by Whit Gibbons

May 1, 2011

An ecologist friend recently asked for advice about how to deal with a situation involving his wife. He said he knew I had once faced the same problem and he hoped I would have some helpful suggestions for him. Imagine my disquiet as I waited to hear what kind of marital difficulty he thought I might provide a solution for. Turns out his wife wanted him to go with her to visit several antique stores--and I did have a solution. Several years ago, I had even written a column about how I solved the problem now facing my friend.

Here is how I dealt with having to accompany my wife on a two-day expedition to explore antique stores: I conducted an ecological study of biodiversity in the wilds of the antique shop habitat. The biodiversity I found in the 21 antique stores we visited was astonishing.

Feeling a bit like Walter Mitty, I decided to approach the study in the spirit of an ecologist beginning a species survey and environmental assessment. For each store, which I defined as a "habitat," the objective was to determine the kinds and abundance of species and to identify the factors responsible for their presence or absence. Within the first 15 minutes of wandering around, I had recorded on my survey list a dozen Indian elephants, an American armadillo, and an African hippopotamus.

Several parallels exist between examining biodiversity in antique shops and examining it in natural habitats. Both locales have features that can influence how many species occupy them. Size of the store/habitat can be important, as can a variety of intrinsic features. For example, simple ecosystems like caves and small islands ordinarily have lower biodiversity than more complex habitats such as tropical rain forests or southeastern wetlands. Likewise, antique stores can be simple environments that specialize in a single type of merchandise, such as Victorian furniture or Oriental vases. A store that sells china, furniture, silverware, clocks, and estate jewelry from a variety of cultures and eras is obviously more complex.

Indeed, the greater the diversity of items, cultures, and time periods represented in a store, the higher the diversity of plant and animal species present. One store specialized in place settings produced in China from 1760 to 1910 designed to be exported. The rose medallion pattern characteristically had colorful butterflies and birds and pink peonies. I found a dragonfly on one, and on a similar style known as mandarin I found bats and a lotus plant. But aside from these specimens, along with a few more kinds of flowers I could not identify, that was pretty much it. Low biodiversity.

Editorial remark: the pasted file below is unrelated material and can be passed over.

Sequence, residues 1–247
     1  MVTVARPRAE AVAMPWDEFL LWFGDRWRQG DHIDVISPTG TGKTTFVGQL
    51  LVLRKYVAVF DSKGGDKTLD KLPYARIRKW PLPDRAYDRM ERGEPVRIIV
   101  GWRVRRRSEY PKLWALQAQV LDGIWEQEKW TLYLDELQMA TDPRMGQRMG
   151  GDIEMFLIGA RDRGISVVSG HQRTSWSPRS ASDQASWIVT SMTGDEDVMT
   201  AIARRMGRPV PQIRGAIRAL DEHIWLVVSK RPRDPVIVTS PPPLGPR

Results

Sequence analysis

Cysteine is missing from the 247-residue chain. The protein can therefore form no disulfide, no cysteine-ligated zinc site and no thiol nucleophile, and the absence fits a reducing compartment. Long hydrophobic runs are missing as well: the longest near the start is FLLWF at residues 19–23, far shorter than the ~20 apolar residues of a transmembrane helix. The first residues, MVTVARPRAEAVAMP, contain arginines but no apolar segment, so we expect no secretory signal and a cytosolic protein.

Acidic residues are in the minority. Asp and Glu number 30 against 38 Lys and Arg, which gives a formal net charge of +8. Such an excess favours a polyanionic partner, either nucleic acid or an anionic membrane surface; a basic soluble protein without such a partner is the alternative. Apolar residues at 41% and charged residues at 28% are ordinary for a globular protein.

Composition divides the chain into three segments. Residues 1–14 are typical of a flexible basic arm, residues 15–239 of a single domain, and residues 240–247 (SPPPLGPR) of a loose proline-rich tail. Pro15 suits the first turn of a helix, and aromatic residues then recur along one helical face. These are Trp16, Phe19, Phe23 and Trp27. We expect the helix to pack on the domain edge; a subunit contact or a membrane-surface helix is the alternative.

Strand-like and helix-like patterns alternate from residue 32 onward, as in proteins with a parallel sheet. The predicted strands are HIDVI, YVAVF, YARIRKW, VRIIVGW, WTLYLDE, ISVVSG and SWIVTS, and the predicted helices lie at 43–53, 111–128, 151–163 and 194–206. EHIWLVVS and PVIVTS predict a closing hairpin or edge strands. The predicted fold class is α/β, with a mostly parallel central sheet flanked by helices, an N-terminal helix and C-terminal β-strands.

Meanwhile, at a much bigger store that looked like it held the loot from a pirate ship that had been engaged in global plundering for five centuries, the biodiversity was overwhelming. Among the wild animals popping up everywhere--on furniture, plates, brass door knockers--were owls, monkeys, foxes, storks, frogs, beetles, bears, lions (lots of lions), parrots, and turtles. Rare sightings were made of snails, zebras, lizards, and cobras. Domestic species included numerous dogs and horses, occasional donkeys, ducks, and cats, even a few pigs. A botanist could probably have categorized the plant families represented. I identified ivy, grapevines, lilies, and legumes. The ecological message in all this is that wildlife is woven deeply into the artistry of many forms of antiques, with certain ones being closely associated with specific times in history.

One mystery emerged. After looking at more than 50 chandeliers, I had found only a single grapevine twining around one, plus butterflies and birds associated with another. Perhaps this was sampling bias of some sort, but the chandeliers seemed to represent a broad array of vintages, yet a sterile habitat without the life that pervades so many other art forms.

My friend agreed a biodiversity quest would be one way to endure the trip and accepted the challenge of learning more about antique store environments. On his expedition he plans to specialize in chandeliers.

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